ASM and Climate Change

ASM and Climate Change

The relationship between mining and climate change has begun to receive increased attention in research and policy. A less explored relationship is that of climate change and artisanal small-scale mining (ASM).
The climate change movement has matured in recent years, signified, most notably, by the signing of the Paris Agreement on Climate Change in 2016. The role of ASM in African development has also received greater attention with its inclusion in both The Africa Mining Vision (AMV) and AMV Action Plan. The relationship between climate change and ASM will become more pronounced in the coming decades due to its bi-causal nature.
In brief, ASM will contribute to climate change due to the negligent environmental practices prevalent in the sector, whilst climate change will increase the attractiveness of ASM to communities who will experience increased difficulty in maintaining current farming practices. Granted that some ASM will actually be initiated by demand for ASM mined commodities that contribute to mitigating other causes of climate change such as greenhouse gas emissions. We are increasingly concerned with this topic - in 2017, the majority of climate change literature which focused on Africa, explored its impact on agriculture (Senca Research, 2017). In this context researchers and policy makers will have to:
• Have a good grasp on concepts such as climate change adaptation and resilience;
• Consider the relationship between ASM, development and climate change;
• Appreciate the benefits of formalizing and regulating ASM activities;
ASM miners can be found operating across a wide range of mineral types from tin to gold, other precious minerals/stones and development minerals. ASM is typically a livelihood activity especially in rural areas where there are few alternatives. ASM typically involves rudimentary equipment that emits little in the way of greenhouse gases. However, the informal nature of ASM means that those engaging in these activities do not adhere to formal regulations and environmental practices Yet, the impact of their deforestation and land clearing practices will, in the short term damage ecosystems, and in the long-term accelerate climate change as forests and land are natural carbon sinks that help maintain the planet’s carbon budget.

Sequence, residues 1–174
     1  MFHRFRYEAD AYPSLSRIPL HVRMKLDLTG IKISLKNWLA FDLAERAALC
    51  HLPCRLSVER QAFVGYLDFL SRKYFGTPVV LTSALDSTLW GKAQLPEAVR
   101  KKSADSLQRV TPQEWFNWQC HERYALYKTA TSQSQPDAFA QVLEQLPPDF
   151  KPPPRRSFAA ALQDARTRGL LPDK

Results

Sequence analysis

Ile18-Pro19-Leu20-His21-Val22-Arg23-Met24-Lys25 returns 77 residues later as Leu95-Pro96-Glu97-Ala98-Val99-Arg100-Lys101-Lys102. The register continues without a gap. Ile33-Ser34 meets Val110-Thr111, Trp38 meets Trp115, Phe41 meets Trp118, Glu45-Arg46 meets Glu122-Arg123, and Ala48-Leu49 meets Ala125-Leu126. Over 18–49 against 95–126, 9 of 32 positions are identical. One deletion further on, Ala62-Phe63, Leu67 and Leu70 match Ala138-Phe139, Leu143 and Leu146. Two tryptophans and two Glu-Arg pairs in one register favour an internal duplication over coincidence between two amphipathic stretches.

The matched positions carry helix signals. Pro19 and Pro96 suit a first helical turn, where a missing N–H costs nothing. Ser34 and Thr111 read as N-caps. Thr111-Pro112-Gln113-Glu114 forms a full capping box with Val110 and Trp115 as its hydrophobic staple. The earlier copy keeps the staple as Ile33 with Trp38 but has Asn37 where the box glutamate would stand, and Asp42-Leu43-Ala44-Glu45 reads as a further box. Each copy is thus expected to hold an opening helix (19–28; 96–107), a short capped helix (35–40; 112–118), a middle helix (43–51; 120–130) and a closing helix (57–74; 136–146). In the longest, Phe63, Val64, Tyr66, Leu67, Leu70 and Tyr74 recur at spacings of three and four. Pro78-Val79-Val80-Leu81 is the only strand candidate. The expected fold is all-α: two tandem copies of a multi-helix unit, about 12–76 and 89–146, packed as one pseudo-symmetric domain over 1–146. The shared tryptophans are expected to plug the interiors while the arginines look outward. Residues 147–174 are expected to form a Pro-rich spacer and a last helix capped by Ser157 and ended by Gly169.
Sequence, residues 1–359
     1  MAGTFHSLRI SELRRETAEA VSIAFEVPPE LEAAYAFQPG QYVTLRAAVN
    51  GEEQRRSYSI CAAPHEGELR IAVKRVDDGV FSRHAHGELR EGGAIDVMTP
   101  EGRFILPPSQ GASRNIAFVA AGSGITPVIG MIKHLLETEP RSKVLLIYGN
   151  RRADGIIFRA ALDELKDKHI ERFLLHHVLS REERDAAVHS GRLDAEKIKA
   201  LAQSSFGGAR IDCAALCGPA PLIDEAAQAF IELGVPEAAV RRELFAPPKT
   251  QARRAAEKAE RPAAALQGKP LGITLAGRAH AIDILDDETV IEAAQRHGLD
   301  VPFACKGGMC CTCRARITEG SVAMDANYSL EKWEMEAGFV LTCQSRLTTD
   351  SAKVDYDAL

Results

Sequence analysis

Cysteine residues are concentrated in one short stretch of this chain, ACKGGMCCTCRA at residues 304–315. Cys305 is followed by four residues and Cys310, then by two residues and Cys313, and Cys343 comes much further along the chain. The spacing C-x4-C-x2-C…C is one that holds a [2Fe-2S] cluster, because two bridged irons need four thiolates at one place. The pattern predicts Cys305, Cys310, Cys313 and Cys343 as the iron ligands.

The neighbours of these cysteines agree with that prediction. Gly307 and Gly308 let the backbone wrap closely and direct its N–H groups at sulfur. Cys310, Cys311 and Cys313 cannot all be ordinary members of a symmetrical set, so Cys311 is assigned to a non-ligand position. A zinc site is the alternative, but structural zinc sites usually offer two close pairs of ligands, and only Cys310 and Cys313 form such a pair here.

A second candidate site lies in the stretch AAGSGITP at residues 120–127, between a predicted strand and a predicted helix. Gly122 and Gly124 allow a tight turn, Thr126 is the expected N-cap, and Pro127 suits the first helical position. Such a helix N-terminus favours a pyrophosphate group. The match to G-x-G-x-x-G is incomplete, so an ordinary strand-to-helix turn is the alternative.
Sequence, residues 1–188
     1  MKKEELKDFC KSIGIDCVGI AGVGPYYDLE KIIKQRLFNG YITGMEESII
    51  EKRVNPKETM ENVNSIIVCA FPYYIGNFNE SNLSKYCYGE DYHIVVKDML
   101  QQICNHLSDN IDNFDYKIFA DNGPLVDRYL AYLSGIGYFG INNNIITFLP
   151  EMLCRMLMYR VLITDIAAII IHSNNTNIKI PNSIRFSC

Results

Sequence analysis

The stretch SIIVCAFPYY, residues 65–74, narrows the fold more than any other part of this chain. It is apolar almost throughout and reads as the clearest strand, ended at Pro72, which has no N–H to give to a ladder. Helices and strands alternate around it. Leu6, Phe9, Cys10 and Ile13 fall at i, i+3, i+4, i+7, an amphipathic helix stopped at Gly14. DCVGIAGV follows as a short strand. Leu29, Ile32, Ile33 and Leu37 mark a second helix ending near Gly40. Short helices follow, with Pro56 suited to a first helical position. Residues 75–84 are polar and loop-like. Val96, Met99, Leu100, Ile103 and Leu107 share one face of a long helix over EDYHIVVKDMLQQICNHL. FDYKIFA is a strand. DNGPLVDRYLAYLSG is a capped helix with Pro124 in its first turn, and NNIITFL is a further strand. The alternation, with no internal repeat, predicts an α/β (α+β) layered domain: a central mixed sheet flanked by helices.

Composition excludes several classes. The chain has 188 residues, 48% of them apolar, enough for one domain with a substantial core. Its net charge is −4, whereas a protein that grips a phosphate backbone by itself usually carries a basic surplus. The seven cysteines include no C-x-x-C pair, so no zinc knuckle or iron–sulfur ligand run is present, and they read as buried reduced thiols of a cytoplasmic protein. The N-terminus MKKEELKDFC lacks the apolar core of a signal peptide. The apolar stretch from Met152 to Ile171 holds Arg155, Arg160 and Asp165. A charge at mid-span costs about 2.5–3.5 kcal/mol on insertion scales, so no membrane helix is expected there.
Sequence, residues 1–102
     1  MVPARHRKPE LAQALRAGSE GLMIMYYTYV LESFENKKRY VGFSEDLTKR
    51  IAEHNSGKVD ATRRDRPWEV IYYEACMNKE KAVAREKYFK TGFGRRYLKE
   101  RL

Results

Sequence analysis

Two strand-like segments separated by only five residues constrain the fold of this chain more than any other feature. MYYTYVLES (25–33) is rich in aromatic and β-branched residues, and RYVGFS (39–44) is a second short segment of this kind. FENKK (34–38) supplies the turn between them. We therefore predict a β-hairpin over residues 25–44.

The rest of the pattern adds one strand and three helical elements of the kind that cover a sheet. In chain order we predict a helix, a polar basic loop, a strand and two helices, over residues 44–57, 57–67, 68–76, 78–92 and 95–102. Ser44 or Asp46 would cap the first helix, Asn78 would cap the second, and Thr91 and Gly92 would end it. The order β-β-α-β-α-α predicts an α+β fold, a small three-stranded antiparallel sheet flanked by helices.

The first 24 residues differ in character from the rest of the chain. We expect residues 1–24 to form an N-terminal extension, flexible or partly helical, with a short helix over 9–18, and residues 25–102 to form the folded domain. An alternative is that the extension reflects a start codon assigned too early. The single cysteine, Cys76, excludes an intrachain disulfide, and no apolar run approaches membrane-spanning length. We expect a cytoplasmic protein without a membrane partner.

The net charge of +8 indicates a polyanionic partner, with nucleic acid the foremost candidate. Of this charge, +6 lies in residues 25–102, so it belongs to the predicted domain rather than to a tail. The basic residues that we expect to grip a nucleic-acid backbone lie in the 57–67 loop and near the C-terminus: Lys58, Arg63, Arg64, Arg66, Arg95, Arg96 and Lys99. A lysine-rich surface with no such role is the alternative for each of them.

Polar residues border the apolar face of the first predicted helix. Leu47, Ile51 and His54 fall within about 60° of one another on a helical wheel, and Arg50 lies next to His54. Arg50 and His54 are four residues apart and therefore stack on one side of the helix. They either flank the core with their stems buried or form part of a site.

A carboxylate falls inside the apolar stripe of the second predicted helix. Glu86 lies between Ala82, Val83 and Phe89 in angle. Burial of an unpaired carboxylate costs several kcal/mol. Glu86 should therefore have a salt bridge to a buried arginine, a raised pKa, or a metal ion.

The alternative to ASM, for many in rural Africa is farming. However, the impact of climate change on farming on the continent will increasingly make this alternative far less appealing. As a result, many farmers will turn to mining (Banchirigah and Hilson, 2010).

Climate Change

The IPCC (Inter-governmental Panel on Climate Change) has noted, with high confidence, the following on climate change in Africa:
• African ecosystems are already being affected by climate change, and future impacts are expected to be substantial
• Climate change will interact with non-climate drivers and stressors to exacerbate vulnerability of agricultural systems, particularly in semi-arid areas (Niang et al., 2014)
The IPCC also found that the economically, socially and politically marginalised have increased vulnerability to the impacts of climate change. Communities that engage in ASM, typically fit these criteria. As farming continues to be a less dependable source of income due to climate change, we can expect more communities, to turn to ASM. Other publications have pointed to other potential impacts of climate change on ASM, including: migration flows towards ASM potential areas and the resulting conflicts with local communities.

ASM & Adaptation to Climate Change

Adaptation, in the context of climate change, is the set of actions we take in anticipation of, or as a response to, events that are triggered by our changing environment. The goal of adaptation is to reduce the vulnerability of human systems (i.e. communities, areas or sectors) to these changes. We reduce the risks of negative impacts by creating appropriate policies and/or practical steps applicable to those systems that we deem vulnerable. We call this increasing resilience.
In the context of ASM, we should ask questions such as, how to do we protect the livelihoods of those who depend on ASM from the impacts of climate change? What actions would allow us to assist ASM communities in dealing with the increasing migration flows towards ASM potential areas as a result of decreasing agricultural yields? If more people are indeed turning to ASM, how do we better manage the increasing health and safety risks already associated with ASM?
The impacts of climate change on agriculture are already being felt across the African continent, we can expect these impacts to be amplified in the coming decades. As a result, the communities that depend on agriculture for their livelihoods will turn to informal and easily accessible work such as ASM. As the sector grows, it is imperative that governments begin to implement policies to mitigate many of the negative practices currently associated with ASM. Without efforts to formalise and regulate the sector, these practices will grow in scale and impact.